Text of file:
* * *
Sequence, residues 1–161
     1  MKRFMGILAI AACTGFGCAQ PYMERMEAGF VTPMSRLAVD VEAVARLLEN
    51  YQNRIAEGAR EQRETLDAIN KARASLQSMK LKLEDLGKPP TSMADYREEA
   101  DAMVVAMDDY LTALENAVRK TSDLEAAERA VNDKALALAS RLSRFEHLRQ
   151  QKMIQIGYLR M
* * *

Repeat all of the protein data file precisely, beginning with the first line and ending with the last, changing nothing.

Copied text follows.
Sequence, residues 1–161
     1  MKRFMGILAI AACTGFGCAQ PYMERMEAGF VTPMSRLAVD VEAVARLLEN
    51  YQNRIAEGAR EQRETLDAIN KARASLQSMK LKLEDLGKPP TSMADYREEA
   101  DAMVVAMDDY LTALENAVRK TSDLEAAERA VNDKALALAS RLSRFEHLRQ
   151  QKMIQIGYLR M